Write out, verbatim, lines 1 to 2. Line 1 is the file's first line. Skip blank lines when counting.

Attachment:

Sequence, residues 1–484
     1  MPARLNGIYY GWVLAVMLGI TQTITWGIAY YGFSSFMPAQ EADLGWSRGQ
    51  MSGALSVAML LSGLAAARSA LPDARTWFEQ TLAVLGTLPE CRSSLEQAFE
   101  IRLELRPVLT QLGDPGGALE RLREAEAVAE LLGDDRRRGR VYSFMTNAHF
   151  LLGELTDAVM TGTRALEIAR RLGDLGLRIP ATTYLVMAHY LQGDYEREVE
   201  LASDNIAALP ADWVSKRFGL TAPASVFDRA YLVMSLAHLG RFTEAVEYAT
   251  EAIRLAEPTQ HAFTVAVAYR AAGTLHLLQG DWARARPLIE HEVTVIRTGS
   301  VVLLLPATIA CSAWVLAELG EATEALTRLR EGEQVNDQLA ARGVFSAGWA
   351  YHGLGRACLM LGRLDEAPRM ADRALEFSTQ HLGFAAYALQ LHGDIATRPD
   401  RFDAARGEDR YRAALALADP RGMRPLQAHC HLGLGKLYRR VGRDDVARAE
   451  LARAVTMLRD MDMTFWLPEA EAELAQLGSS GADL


Sequence, residues 1–484
     1  MPARLNGIYY GWVLAVMLGI TQTITWGIAY YGFSSFMPAQ EADLGWSRGQ